Stephanie Tee is the proud owner of 43 vinyls (and counting). In the past 3 years, the 19-year old has spent more than $800 on her collection.

As more people are streaming music from platforms such as Spotify and Apple Music, Stephanie is among a growing community of young Singaporeans who would rather swap digital convenience for a costlier and harder-to-maintain medium. This retro revival is gaining swift momentum, with vinyl sales in Singapore raking in US$150,000 (S$208,000) in 2016.

Stephanie searches through a crate of vinyls at an event celebrating all things old-school. Photo by: Vanessa Teo

“Vinyl records tend to have this “crackle”, which I really like. I find that (the sound) is more nostalgic and gives off a warmer feel,” said Stephanie, a Nursing student at Nanyang Polytechnic.

When Stephanie was 17, she stumbled upon an audio recording of a vinyl record on Tumblr. She was captivated by what she heard, so she started researching on the topic and buying vinyl records. Her first vinyl player set her back close to $400.

The rest of her hobby doesn’t come cheap either. Used vinyl records, depending on the condition are priced at $20 to $45, while a brand new vinyl can range from $60 to over $100. While the rock and alternative music fan admits that vinyl collecting can get quite costly, she finds it worth the investment.

“I have to save up, but it’s worth it. Since I like collecting and want to listen to new stuff, I make it a point to save,” she says. “Plus, the thing about vinyls is that they never lose their value.”

Instead of splurging money on things like food, Stephanie prefers to save what she can, when she can. Her inclination towards saving has allowed her to reach her goals quicker and collect the amount needed for building up her collection.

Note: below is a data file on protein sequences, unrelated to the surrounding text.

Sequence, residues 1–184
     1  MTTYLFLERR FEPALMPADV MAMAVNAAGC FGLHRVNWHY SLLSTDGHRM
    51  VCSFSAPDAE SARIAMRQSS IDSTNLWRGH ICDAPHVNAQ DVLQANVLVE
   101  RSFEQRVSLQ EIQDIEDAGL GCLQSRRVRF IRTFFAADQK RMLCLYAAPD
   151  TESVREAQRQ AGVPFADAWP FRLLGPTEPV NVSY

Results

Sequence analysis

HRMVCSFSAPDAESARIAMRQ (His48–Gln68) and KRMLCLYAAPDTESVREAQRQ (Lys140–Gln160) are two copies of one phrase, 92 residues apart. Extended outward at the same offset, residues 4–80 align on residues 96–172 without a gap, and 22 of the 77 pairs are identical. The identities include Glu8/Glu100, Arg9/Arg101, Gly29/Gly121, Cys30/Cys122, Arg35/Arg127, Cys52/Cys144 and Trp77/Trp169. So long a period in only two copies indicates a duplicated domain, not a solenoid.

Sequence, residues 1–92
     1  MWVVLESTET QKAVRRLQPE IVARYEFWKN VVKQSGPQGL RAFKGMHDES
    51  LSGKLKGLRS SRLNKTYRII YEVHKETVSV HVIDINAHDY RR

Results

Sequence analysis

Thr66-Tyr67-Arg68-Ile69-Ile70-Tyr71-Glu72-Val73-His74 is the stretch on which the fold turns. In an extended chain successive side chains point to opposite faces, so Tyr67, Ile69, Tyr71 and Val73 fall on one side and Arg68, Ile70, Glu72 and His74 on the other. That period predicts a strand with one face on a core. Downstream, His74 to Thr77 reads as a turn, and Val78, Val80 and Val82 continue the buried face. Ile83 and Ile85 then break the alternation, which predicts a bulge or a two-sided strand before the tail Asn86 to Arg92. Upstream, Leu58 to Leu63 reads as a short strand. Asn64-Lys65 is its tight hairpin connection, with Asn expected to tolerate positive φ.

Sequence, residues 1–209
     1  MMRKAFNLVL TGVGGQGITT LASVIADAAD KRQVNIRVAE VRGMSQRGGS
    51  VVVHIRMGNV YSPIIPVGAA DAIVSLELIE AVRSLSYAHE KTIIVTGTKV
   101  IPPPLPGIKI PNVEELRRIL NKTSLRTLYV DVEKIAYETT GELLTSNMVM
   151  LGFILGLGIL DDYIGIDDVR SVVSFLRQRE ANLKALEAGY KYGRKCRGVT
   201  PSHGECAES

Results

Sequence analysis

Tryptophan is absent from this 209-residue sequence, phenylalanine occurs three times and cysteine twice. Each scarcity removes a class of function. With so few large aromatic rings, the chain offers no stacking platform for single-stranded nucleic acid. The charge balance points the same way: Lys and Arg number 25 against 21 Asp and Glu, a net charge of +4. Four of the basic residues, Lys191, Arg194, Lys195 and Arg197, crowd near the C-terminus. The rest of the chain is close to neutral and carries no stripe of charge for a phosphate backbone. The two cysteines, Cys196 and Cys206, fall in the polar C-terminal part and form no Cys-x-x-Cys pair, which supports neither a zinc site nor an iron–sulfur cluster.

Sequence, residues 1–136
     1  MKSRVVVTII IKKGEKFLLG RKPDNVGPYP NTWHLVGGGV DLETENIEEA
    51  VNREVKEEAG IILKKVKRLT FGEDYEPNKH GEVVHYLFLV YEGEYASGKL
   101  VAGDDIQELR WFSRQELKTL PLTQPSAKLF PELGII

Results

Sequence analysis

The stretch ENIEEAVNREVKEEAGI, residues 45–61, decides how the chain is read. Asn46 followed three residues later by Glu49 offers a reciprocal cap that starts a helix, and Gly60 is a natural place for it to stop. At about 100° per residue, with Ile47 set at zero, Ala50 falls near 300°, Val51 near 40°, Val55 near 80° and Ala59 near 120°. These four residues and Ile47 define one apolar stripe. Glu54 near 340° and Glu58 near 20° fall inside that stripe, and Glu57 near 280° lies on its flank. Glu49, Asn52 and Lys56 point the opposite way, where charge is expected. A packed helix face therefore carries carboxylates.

Stephanie’s favorite album jacket is for the soundtrack of “the quintessential 1980s film” The Breakfast Club. Photo courtesy of: Stephanie Tee

Stephanie also shared why she prefers to collect vinyl records than CDs.

“The art on the jacket (record sleeve) is so much bigger and sometimes nicer compared to a CD,” she says. “Some of the vinyl discs also have really interesting patterns that look breathtakingly beautiful.”

Instead of browsing online catalogues for music, Stephanie also prefers the old-school way of sifting through rows of crates, digging through the unknown to find her favorite records.

“You don’t really expect to find anything you like, but when you do, there’s this unbelievable feeling of happiness,” she said. Queen’s Bohemian Rhapsody and an Elvis album are among some of her more precious finds.

She also likes to seek solace in her favorite vinyl store, Retro Crates, which sells everything from Chinese to Classical music.

“Whenever I go into a vinyl shop, I feel this solace. It feels really peaceful and I can internalize my thoughts”, she said. So although buying vinyl records online is much more convenient, she still prefers the “therapeutic” experience of shopping at her favorite haunts.

“Nowadays, everyone is looking for convenience,” Stephanie said. “So they don’t like to slow down and take their time to enjoy things, which I feel is important in life.”